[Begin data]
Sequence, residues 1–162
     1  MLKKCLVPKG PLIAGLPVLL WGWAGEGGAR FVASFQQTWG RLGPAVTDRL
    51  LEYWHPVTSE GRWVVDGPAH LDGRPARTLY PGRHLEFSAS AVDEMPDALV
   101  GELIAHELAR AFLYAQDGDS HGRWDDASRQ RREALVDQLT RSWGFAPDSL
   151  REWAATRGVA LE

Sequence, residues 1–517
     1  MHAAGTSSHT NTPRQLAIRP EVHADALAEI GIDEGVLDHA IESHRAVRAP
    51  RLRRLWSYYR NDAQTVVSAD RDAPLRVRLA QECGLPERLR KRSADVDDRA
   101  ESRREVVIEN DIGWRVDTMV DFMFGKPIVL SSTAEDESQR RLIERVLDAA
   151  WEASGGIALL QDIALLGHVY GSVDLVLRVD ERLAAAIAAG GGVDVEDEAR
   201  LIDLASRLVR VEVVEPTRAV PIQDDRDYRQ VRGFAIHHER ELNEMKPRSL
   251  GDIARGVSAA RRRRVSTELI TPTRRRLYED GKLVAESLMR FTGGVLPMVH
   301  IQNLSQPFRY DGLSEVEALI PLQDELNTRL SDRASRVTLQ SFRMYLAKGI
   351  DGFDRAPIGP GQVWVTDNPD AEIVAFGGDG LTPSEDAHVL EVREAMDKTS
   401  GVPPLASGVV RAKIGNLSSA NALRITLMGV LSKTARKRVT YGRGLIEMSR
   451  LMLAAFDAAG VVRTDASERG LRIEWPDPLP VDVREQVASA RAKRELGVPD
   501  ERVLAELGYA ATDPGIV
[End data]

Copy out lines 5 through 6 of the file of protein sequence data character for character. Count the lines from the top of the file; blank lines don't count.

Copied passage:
   151  REWAATRGVA LE

Sequence, residues 1–517